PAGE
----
Still Worried About My 22 Month Old Not Talking

Updated on November 02, 2012
K.H. asks from Norcross, GA
11 answers

My child is now 22 months and she is only saying a handful of words properly. she is in the early intervention program and is due for an evaluation to see a speech therapist at 24 months old. she is the only child and i stay at home with her so she doesn't have alot of interaction with other people besides her parents. she understands alot of commands, but is either too stubborn or too playful to want to follow instructions. i am not sure what more to do....i know she will do it when she is ready, but it is frustrating to us since we do want to start potty training her soon.... she started walking at 12 months on her bday and all other milestones were met on schedule. i am worried so much about her speech though.

is this normal for children to begin talking at this age or do the typically start to after 2 or something?

What can I do next?

  • Add yourAnswer own comment
  • Ask your own question Add Question
  • Join the Mamapedia community Mamapedia
  • as inappropriate
  • this with your friends

So What Happened?

oh i forgot to mention, we have had ears checked (like last week) and she is just fine in that department. IE requested that i do that before her 24 month evaluation. she doesn't like for me to "make" her say something either. i tried to encourage to ask for something instead of reaching or expecting me to give it to her and she just cries and does something weird with her arms she gets frustrated by me for wanting her to say what she wants! i am thinking she is just really stubborn and silly to want to do anything productive right now. everything has to be a game for her to want to participate. i sing songs to her and she likes that...she is learning to sing along to the tunes of mickey mouse clubhouse., so that is good. ummm i talk to her all the time..we don't use baby talk and never really have. i am not sure what it is.....she can imitate sounds (animals and things like that) , some words, gestures but just won't use them on a regular basis. soo if i think of anything else, i will make another edit, but that's all i have for now lol. thanks for the responses!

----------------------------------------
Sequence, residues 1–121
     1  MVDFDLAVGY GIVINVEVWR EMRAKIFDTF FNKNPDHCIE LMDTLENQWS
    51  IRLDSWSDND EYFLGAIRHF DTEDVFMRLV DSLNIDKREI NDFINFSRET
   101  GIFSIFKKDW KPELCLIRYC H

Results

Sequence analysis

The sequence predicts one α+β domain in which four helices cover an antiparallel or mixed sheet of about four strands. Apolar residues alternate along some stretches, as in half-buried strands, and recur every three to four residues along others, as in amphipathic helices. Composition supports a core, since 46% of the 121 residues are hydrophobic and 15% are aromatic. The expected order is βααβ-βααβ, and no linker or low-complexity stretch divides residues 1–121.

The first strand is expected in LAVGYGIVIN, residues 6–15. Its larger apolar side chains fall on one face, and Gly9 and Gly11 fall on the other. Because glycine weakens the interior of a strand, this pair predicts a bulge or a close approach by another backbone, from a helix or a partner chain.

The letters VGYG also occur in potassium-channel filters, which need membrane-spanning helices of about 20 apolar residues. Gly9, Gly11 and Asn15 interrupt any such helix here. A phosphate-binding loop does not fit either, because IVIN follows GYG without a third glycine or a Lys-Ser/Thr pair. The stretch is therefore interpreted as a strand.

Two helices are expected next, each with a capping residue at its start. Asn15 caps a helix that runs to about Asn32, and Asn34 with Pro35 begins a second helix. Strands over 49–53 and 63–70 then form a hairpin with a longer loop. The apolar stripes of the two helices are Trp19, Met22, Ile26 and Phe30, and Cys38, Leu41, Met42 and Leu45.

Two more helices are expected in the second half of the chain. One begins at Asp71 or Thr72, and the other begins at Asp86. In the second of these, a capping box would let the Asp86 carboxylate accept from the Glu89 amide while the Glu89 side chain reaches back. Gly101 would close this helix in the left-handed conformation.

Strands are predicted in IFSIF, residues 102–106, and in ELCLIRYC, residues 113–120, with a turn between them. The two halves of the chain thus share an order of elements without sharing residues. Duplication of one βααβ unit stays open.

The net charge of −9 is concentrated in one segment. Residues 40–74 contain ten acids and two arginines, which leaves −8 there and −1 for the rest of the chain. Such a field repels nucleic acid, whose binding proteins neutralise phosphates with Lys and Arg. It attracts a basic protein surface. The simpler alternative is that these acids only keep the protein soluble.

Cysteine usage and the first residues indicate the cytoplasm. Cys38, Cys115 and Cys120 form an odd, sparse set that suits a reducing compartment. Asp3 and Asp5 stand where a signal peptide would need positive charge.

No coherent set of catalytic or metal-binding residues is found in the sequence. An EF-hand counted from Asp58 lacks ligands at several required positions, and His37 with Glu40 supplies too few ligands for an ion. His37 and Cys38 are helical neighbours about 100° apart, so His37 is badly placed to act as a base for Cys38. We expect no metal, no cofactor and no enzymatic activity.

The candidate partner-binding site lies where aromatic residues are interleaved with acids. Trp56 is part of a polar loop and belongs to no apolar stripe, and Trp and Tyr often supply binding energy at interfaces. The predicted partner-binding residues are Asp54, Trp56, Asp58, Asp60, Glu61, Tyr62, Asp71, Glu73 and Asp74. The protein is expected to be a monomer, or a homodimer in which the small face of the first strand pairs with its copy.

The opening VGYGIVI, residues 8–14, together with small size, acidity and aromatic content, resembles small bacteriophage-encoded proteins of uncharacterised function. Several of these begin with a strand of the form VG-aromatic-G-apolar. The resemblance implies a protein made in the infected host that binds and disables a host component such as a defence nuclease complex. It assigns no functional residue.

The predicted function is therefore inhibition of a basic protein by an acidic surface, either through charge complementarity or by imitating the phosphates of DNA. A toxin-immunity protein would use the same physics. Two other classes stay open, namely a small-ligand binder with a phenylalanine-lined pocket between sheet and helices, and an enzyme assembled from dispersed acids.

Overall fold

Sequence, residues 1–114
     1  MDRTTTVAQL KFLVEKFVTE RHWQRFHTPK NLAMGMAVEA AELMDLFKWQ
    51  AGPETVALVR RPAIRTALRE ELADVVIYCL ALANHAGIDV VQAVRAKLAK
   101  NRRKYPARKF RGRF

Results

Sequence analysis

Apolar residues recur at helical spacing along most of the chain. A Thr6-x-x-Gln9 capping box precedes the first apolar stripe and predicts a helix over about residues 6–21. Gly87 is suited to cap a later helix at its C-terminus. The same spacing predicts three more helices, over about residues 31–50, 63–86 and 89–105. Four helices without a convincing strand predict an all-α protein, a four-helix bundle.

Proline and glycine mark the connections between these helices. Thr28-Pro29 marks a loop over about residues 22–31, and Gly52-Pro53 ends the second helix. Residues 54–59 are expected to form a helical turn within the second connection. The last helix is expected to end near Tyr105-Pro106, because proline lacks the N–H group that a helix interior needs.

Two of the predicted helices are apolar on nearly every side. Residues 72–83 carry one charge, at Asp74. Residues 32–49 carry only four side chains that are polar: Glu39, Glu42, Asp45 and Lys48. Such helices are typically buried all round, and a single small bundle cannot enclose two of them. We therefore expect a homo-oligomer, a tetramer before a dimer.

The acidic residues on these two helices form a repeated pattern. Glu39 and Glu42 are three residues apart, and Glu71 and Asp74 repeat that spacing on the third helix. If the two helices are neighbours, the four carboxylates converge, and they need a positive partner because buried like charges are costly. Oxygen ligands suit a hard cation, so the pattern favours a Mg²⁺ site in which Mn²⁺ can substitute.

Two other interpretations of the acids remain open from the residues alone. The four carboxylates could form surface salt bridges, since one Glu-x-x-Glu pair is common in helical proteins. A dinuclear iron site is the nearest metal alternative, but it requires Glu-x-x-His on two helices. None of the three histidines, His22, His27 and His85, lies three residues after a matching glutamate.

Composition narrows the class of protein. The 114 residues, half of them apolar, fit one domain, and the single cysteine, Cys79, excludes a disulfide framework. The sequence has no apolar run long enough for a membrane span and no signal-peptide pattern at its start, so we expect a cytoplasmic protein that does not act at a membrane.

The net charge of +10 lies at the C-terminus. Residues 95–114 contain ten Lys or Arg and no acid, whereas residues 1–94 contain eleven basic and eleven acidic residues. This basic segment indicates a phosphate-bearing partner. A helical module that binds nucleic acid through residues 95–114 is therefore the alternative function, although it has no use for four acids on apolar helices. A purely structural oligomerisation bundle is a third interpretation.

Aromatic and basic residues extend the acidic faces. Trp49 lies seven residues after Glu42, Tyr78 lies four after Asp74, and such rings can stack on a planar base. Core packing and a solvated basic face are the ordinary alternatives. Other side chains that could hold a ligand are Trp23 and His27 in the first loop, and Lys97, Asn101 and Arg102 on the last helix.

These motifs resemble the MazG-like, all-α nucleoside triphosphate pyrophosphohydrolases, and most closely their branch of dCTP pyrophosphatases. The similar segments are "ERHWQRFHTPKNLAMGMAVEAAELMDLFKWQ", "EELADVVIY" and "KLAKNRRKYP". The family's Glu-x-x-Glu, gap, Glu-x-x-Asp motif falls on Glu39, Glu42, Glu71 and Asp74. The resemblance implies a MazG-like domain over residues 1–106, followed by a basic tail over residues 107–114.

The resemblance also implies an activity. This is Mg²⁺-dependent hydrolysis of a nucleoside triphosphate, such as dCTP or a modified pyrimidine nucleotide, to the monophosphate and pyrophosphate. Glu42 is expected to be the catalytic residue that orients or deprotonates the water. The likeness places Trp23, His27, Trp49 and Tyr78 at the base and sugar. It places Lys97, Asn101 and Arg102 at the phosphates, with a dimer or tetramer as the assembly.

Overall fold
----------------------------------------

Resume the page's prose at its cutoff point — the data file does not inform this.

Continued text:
Featured Answers



answers from Kansas City on

I'm glad you have her in IE. As with everything, children start at all different times--normal range for walking is 9-18 months. Have they tested her hearing? A huge difference in receptive vocabulary (what they can understand) and expressive vocabulary (what they can say) is usually a red flag.

My oldest son could understand just about anything, but didn't say much. We had his hearing tested and he had 100% fluid blockage in one ear and 50% in the other. He wasn't hearing well enough to repeat the sounds. He needed tubes.

My youngest son was also speech delayed. At 18 months, his receptive vocabulary was 18 months and his expressive vocabulary was that of a 6 month old. He is now 27 months and just graduated from speech. He has well over 200 words and easily puts 3-4 word sentences together.

Yes, with some kids it just takes time. But, stay on top of it--just in case there is a real problem.

3 moms found this helpful

More Answers


answers from Jacksonville on

My daughter was just like this. We too took her to speech therapy. The lady told me, "She sure is stubborn" Ya, think? LOL

Not kidding, just two months afterward she just took off and started talking. She just didn't want too, until she was ready. Just hang in there, keep working with her, she'll get there. :)

2 moms found this helpful


answers from El Paso on

Sounds like my oldest daughter. She really wasn't talking much (or clearly) at 2. Now (at 3 1/2) I can't hardly get her to stop! We were over at a friend's trick-or-treating last night and the husband was telling me what a chatterbox she is. Yep. If she decides you're an okay person, you're in trouble and your ear will fall off before she is through talking to you. :) Try not to worry so much. You're already doing what you can to improve the situation. Try to take things in stride!

2 moms found this helpful


answers from Washington DC on

Our little boy is 22 mos too ... we're in the same boat you are. I do think he's being a little stubborn, but we may have some ear problems too (going back to the ENT middle of this month).

We are teaching him some signs to help with his frustration. We have all of the Signing Time videos and use Google to find the signs that aren't included.

We have used pivotal response successfully ... if he wants something we KNOW he can say, he has to say the word or use the sign. I am the mean mom who put all of his balls and Elmo characters on the mantel and he had to use his words to ask for them before he could play with it. Hated to do it, but the screaming and crying when he couldn't tell me what he wanted was getting really bad. We were as frustrated as he was / is.

Early intervention has been great for us and supportive of the pivotal response and signing. When the Early Intervention worker comes in we focus on one thing (last time it was MOO and he is still saying MEOW for EVERYTHING on 4 legs).